There is snow on the mountains and plenty of people about to play in it, but some are taking a day off and are spending a few hours relaxing with a fishing rod in their hands and they are catching trout.
Winter fishing is always good because there is less food about so the trout are more likely to be cruising all day looking for something to eat.
Shore-based angling is the way to go and the worse the weather in the mountains, the better the trout will bite.
With the lake so high this Winter, the only problem is finding a good spot to fish but there are plenty of good spots right near town. The Claypits and Banjo Patterson Park are very good at present and there are some very big Atlantic salmon and even brook trout being caught in these locations.
The early-spawning brown trout are also now back in the lake so you can expect them to be cruising the edges looking for some food. Lures, flies and bait will all catch these fish.
So with lots of fishing still ahead, grab a good pair of boots and a warm jacket and come and try a Winter trout experience.
At this time of the year it doesn’t matter what method of fishing you use, you must remember the fish are close to the edges and you need not cast too far. With the lake so high, there is a lot more cover for fish to hide in.
Bait fishing is very productive now and simple rigs work best. Worms and artificial baits have always been Winter favourites and always bring results.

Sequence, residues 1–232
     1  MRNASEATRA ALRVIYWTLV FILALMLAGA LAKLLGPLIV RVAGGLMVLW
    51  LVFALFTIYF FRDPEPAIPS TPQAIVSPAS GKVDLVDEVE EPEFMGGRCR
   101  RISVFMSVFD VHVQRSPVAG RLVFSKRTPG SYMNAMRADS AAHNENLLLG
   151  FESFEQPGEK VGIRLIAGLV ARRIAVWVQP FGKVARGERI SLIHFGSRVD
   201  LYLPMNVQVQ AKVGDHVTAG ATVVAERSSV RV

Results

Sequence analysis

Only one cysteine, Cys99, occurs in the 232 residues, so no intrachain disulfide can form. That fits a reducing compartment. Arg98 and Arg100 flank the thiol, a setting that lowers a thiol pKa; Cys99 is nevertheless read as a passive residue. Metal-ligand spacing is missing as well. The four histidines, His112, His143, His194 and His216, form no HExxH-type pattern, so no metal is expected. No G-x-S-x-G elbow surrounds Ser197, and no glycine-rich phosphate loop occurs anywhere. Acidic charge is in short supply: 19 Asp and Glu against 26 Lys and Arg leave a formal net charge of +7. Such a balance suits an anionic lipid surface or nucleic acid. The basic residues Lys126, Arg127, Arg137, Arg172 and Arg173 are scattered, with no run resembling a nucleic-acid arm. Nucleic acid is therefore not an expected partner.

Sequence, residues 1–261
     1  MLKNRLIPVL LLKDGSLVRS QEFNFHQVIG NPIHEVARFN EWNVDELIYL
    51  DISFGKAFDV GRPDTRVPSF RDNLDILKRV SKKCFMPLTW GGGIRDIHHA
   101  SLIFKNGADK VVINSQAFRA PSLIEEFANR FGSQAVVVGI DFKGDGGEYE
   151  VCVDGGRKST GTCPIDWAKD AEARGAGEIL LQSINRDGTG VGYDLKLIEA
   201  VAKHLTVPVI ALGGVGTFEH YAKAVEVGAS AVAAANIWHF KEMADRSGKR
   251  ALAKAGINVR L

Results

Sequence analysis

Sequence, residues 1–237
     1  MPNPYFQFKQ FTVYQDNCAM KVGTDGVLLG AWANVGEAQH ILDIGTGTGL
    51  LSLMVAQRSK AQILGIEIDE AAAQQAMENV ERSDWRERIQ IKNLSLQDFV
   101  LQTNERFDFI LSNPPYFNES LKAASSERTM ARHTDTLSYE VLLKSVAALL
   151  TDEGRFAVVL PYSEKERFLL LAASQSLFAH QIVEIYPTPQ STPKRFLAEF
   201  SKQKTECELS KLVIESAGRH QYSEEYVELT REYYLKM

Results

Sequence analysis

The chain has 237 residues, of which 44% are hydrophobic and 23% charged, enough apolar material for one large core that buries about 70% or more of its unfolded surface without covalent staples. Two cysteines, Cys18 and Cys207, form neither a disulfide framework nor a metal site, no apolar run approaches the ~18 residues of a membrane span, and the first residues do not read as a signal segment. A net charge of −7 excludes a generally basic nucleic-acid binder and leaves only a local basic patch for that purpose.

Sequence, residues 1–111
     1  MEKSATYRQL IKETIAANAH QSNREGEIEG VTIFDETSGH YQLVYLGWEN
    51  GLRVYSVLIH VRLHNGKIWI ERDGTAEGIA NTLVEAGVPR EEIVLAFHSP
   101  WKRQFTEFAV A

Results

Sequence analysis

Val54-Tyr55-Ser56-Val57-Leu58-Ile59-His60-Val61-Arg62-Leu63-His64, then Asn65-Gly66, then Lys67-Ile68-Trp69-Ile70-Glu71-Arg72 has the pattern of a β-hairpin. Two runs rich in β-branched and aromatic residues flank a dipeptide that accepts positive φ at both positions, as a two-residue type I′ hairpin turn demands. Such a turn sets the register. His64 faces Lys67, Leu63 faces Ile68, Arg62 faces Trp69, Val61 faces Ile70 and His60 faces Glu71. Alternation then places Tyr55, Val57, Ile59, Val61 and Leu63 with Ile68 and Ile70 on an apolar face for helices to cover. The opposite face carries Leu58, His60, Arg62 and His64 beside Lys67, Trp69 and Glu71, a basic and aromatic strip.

Use plenty of tiger worms or a single scrub worm and fish them off the bottom using a running sinker.
There is a lot of weed about at the moment so it is best to put Mucilin on your line to keep it floating above the bottom.
You can also suspend a bait under a float and if you want to use artificial bait (most of it floats), try a little split shot on the hook to keep the bait down a little.
Because the fish move about the lake so much over Winter, there is no particular spot better than another but a hint is to fish shallow water early and late and slightly deeper water in the brighter parts of the day – but not too deep!
Spinning from the shore is another method that works well now. Tasmanian Devils are probably the best lures to use in the middle of the day with colours like pink No 55, yellow wing No 36 and brown No 48 best on a slow retrieve.
A variety of soft plastics work well when the fish are off the bite and not taking hardbodies and metal lures.
Plastics work at this time possibly due to the smell impregnated into these products. The smaller, the better. It’s best if they are also in natural or cold colours for the inlets and orange or pink for open water.
The Strike Tiger range of plastics have been great in Lake Jindabyne, especially the 3” curl tail in princess pink and vodka n orange.
If you are fly fishing or spinning with lures you have to also be aware that you need to slow your retrieve and leave the fly or lure in the fishes’ faces longer.
Trolling is one of my favourite ways to catch trout in Winter – sit back, relax and wait for the fish to bite.
If you’re out in a boat on the lake over winter, trolling a lot slower than in Summer is the way to increase your catch rate.
The best trolling lures for big Winter trout are jointed Rapalas in various colours, it seems trout most like their action.
Tasmanian Devils in pink No 55, orange No 57 and brown Y48 are the best on the rainbow trout. Y82 and Holographic are also worth a try.